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The American Crucible: Slavery, Emancipation and Human Rights by Robin Blackburn (review)

The American Crucible: Slavery, Emancipation and Human Rights by Robin Blackburn (review) journal of world history, december 2012 than some of us might have allowed for, the seventh century did have some "national" elements to it. Or, perhaps this might be read as a reminder that there were imperial elements with which the twentiethcentury nation continued to have to reckon--and these elements have a long and complexly interesting history. tom looser New York University The American Crucible: Slavery, Emancipation and Human Rights. By robin blackburn. London: Verso Books, 2011. 512 pp. $34.95 (cloth). The narrative of African slavery in the Americas has rightly become a topic of considerable scholarly attention. In the past half-century it has steadily moved from the periphery of historical analysis to the center as historians increasingly consider both the institution of slavery and experiences of the enslaved Africans who between 1500 and 1820 "outnumbered European migrants by four to one" (p. 1). The colonization of the Americas, displacement and death of innumerable American Indians, growth of plantation slavery, uprooting of some twelve million Africans, and development of imperialism, commercial capitalism, and industrialization impacted four continents for some four hundred years. This is, indeed, a broad story in its own right, worthy of its place in global http://www.deepdyve.com/assets/images/DeepDyve-Logo-lg.png Journal of World History University of Hawai'I Press

The American Crucible: Slavery, Emancipation and Human Rights by Robin Blackburn (review)

Journal of World History , Volume 23 (4) – May 24, 2012

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Publisher
University of Hawai'I Press
Copyright
Copyright © 2008 University of Hawai'i Press.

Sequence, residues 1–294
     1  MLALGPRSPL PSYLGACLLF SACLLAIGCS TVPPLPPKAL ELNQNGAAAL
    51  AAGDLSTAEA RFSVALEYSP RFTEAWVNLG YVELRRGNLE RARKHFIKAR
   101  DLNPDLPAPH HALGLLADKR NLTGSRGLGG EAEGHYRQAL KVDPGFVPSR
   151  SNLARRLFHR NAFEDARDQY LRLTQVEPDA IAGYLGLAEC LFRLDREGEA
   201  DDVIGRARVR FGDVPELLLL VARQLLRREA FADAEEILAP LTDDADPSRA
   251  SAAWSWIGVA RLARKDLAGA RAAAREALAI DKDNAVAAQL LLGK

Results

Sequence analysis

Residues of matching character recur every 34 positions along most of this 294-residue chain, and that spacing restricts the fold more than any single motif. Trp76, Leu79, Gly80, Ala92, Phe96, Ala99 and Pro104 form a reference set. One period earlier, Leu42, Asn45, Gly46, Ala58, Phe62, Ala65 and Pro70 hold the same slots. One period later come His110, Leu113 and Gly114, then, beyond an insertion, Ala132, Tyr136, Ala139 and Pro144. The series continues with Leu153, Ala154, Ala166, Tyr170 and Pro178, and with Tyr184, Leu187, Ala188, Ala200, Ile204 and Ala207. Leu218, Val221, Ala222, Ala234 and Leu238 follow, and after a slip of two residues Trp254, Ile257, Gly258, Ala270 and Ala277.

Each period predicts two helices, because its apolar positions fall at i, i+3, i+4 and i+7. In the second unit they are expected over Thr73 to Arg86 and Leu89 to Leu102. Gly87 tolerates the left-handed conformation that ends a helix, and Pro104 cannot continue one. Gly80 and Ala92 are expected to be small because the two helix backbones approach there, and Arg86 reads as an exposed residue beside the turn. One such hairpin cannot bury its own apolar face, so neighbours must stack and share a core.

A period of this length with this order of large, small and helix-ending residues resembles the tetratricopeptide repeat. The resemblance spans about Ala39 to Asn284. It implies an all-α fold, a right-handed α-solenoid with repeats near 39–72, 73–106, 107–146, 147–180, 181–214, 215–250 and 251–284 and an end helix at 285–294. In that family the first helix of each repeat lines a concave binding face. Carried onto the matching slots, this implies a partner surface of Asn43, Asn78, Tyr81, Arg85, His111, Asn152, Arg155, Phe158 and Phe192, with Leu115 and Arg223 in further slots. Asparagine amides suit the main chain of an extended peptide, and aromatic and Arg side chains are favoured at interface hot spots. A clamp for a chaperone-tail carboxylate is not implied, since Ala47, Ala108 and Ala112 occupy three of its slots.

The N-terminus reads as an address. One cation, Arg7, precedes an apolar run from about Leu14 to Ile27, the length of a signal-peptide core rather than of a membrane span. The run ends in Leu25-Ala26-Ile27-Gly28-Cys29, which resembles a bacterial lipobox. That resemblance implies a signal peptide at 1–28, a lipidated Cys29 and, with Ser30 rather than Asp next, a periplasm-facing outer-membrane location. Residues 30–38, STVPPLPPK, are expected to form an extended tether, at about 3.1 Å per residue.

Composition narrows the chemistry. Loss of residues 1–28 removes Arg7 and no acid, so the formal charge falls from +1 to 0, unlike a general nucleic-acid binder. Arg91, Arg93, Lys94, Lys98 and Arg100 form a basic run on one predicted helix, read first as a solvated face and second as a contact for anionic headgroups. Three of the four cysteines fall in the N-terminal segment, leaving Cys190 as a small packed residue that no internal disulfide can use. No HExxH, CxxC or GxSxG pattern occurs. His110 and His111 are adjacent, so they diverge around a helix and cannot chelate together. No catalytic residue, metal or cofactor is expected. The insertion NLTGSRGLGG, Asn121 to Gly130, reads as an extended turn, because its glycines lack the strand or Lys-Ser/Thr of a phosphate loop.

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1527-8050
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Abstract

journal of world history, december 2012 than some of us might have allowed for, the seventh century did have some "national" elements to it. Or, perhaps this might be read as a reminder that there were imperial elements with which the twentiethcentury nation continued to have to reckon--and these elements have a long and complexly interesting history. tom looser New York University The American Crucible: Slavery, Emancipation and Human Rights. By robin blackburn. London: Verso Books, 2011. 512 pp. $34.95 (cloth). The narrative of African slavery in the Americas has rightly become a topic of considerable scholarly attention. In the past half-century it has steadily moved from the periphery of historical analysis to the center as historians increasingly consider both the institution of slavery and experiences of the enslaved Africans who between 1500 and 1820 "outnumbered European migrants by four to one" (p. 1). The colonization of the Americas, displacement and death of innumerable American Indians, growth of plantation slavery, uprooting of some twelve million Africans, and development of imperialism, commercial capitalism, and industrialization impacted four continents for some four hundred years. This is, indeed, a broad story in its own right, worthy of its place in global

Journal

Journal of World HistoryUniversity of Hawai'I Press

Published: May 24, 2012

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